A systematic literature review of the effectiveness of occupational health and safety regulatory enforcement

Source: Emile Tompa, Christina Kalcevich, Michael Foley, Chris McLeod, Sheilah Hogg-Johnson, Kim Cullen, Ellen MacEachen, Quenby Mahood and Emma Irvin, American Journal of Industrial Medicine, Early View, Version of Record online: June 7, 2016
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From the abstract:
Background: We aimed to determine the strength of evidence on the effectiveness of legislative and regulatory policy levers in creating incentives for organizations to improve occupational health and safety processes and outcomes.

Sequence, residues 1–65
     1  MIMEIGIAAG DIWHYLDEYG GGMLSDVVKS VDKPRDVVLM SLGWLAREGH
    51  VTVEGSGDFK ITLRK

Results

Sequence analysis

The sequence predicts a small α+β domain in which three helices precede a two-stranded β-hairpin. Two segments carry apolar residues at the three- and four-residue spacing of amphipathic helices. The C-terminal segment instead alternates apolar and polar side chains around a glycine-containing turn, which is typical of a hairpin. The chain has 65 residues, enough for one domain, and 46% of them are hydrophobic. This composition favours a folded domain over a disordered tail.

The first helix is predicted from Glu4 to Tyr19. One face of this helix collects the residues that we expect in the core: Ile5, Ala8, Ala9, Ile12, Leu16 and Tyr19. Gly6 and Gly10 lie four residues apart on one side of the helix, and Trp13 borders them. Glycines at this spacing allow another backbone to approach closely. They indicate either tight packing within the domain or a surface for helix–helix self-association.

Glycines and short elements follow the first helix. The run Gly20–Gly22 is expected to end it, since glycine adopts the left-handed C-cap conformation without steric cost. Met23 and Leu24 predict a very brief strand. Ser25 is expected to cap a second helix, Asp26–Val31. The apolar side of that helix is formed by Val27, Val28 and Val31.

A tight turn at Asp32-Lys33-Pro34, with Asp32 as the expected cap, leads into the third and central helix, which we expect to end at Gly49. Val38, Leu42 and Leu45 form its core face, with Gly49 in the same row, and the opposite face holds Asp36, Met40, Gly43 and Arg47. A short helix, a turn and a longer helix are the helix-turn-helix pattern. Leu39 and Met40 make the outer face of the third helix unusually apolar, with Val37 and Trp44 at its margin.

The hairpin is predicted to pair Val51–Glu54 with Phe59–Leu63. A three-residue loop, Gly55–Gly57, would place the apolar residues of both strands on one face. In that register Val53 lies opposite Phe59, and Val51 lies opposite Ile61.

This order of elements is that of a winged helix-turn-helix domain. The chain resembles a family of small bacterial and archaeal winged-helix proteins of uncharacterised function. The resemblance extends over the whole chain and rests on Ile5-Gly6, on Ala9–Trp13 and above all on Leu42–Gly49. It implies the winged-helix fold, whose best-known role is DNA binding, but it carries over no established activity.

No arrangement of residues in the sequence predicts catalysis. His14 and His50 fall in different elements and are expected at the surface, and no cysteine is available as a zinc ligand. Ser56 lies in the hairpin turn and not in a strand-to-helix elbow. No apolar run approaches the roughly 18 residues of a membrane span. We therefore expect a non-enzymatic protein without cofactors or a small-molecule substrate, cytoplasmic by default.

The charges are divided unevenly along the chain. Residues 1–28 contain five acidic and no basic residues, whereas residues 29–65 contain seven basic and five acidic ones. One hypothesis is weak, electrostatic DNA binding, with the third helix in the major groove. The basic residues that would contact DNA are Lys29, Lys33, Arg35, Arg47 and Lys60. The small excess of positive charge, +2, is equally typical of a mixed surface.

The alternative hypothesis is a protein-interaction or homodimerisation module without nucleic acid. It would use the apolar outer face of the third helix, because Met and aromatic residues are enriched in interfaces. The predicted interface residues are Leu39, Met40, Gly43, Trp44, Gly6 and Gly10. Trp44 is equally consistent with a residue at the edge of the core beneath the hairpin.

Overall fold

Methods: A systematic review was undertaken to assess the strength of evidence on the effectiveness of specific policy levers using a “best-evidence” synthesis approach.

Results: A structured literature search identified 11,947 citations from 13 peer-reviewed literature databases. Forty-three studies were retained for synthesis. Strong evidence was identified for three out of nine clusters.

Conclusions: There is strong evidence that several OHS policy levers are effective in terms of reducing injuries and/or increasing compliance with legislation. This study adds to the evidence on OHS regulatory effectiveness from an earlier review. In addition to new evidence supporting previous study findings, it included new categories of evidence–compliance as an outcome, nature of enforcement, awareness campaigns, and smoke-free workplace legislation.